IRS Data Breach affects 200,000 US Taxpayers
The Internal Revenue Service (IRS) suffered a four-month long cyber data breach in which hundreds of thousands of taxpayers’ accounts were compromised. Thieves tried to access the tax accounts of 200,000 taxpayers, succeeding in about half of their attempts. Of those 104,000 breaches, approximately 36,000 fraudulent tax year 2014 returns were filed to claim false tax refunds. However, 23,000 of those returns were flagged by fraud filters and were stopped in processing.
They obtained taxpayers’ social security numbers, addresses, birth dates, filing statuses, and salary histories. How, exactly, they gathered this information is still unknown, but the IRS’s servers were not hacked to retrieve this data; the thieves had the information prior to accessing the IRS’s applications. Through the IRS’ online ‘Get Transcript’ application, the thieves, believed to be organized crime syndicates based in Russia, were able to access prior year tax returns and file thousands of fraudulent returns between February 2015 and May 2015.
Due to this breach, the ‘Get Transcript’ application has been temporarily shut down and the IRS plans to notify all 200,000 taxpayers who were affected. If you were one of the 104,000 whose tax account was accessed, you will receive free credit monitoring and be issued an Identity Protection Pin (IP PIN). You will need to use the IP PIN on current and all future tax returns or the return will be rejected as a future fraud-prevention tactic.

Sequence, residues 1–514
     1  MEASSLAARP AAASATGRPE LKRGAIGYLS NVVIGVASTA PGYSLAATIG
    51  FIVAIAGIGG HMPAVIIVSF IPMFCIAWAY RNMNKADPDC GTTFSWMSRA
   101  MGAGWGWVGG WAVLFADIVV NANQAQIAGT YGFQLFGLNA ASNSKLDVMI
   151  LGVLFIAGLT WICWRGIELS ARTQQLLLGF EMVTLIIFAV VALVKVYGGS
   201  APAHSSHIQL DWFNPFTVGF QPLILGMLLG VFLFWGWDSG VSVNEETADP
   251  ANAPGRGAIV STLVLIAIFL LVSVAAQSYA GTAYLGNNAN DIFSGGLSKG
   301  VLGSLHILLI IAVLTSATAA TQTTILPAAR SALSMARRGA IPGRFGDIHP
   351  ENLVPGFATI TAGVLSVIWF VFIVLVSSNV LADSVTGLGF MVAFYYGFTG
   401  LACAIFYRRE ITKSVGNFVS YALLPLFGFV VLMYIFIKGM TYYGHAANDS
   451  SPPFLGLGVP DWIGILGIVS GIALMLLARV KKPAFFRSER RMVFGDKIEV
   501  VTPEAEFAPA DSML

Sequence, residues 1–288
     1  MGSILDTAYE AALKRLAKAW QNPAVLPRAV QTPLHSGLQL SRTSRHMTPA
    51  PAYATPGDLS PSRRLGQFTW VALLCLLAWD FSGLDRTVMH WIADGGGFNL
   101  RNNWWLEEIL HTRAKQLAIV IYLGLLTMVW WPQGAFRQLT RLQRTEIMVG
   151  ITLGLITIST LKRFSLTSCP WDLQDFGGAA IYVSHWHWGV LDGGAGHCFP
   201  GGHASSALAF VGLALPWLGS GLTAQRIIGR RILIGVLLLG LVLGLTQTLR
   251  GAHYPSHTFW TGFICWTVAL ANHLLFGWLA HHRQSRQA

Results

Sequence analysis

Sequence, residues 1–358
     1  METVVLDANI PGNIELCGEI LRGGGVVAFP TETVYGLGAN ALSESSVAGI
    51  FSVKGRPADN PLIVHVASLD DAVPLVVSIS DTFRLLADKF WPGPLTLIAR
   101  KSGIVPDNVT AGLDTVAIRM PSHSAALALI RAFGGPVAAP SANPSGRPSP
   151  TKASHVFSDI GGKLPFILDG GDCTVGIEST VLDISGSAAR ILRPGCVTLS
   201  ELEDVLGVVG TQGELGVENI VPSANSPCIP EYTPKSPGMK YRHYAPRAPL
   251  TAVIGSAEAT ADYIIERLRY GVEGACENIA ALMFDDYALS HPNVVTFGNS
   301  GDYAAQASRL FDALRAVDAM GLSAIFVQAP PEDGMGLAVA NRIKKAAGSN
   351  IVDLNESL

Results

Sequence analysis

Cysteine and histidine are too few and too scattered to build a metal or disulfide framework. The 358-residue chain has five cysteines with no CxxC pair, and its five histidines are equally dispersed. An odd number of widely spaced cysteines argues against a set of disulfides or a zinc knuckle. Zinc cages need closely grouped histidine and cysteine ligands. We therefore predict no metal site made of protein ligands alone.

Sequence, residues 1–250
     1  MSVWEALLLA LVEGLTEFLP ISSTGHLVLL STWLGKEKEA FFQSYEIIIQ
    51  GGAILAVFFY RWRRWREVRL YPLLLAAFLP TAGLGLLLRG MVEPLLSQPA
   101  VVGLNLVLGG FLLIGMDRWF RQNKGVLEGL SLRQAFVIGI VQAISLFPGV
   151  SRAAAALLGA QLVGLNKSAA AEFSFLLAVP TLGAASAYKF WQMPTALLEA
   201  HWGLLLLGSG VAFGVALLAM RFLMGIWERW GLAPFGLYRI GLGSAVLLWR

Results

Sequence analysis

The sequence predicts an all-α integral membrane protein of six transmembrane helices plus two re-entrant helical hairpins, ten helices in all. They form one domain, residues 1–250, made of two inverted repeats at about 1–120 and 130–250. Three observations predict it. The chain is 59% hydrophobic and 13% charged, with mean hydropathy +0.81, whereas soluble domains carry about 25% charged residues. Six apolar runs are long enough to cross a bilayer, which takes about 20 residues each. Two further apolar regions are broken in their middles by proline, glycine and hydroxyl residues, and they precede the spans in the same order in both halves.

The Criminal Investigation Unit of the IRS and the Treasury Inspector General for Tax Administration are investigating, and the Department of Homeland Security and Federal Bureau of Investigation were alerted and have opened investigations, as well. Hearings have been scheduled with IRS leaders.
It is estimated that the IRS and state tax authorities witnessed an increase in fraudulent tax activity as high as 3,700% this year. The IRS is pledging to make its tax filing system more secure by 2016, as a result of this data breach and the millions of taxpayers who have had identities stolen in prior years.
The IRS was just one of many victims of data breaches in recent history. Since the 2013 holiday season data breach at Target, it has come out that multiple large, multinational corporations have faced the same theft, including Home Depot, Yahoo!, eBay, Google, UPS, JP Morgan Chase, and AT&T.
Some ways to protect your personal information include:
- Do not post personal details on social media platforms. Once it is posted on the internet, assume it can be accessed forever.
- Be aware of where you access personal accounts. Public Wi-Fi usually does not offer the same protection your home or business networks have, so your information could be exposed to a hacker.
- Where plausible, file your taxes as early as possible. It can be hard for a US taxpayer abroad to file by the 15 April deadline, but it leaves less time for thieves to file a false return before you get to it. File your tax returns as soon as you have received all of your information needed.
- If you have filed your return and are due a refund, track it. The IRS has an application called ‘Where’s My Refund?’ You need your SSN, filing status, and the exact amount of the refund you are due. If you notice anything suspicious, alert the IRS immediately.
- If you are a US citizen, you are legally granted free access to your credit reports annually. Monitor your reports and notify the agencies of any suspicious behaviour immediately. The reports are available at www.annualcreditreport.com. Some prefer to check their Experian, TransUnion, and Equifax on a rotating basis, so no more than four months go by before their report is monitored.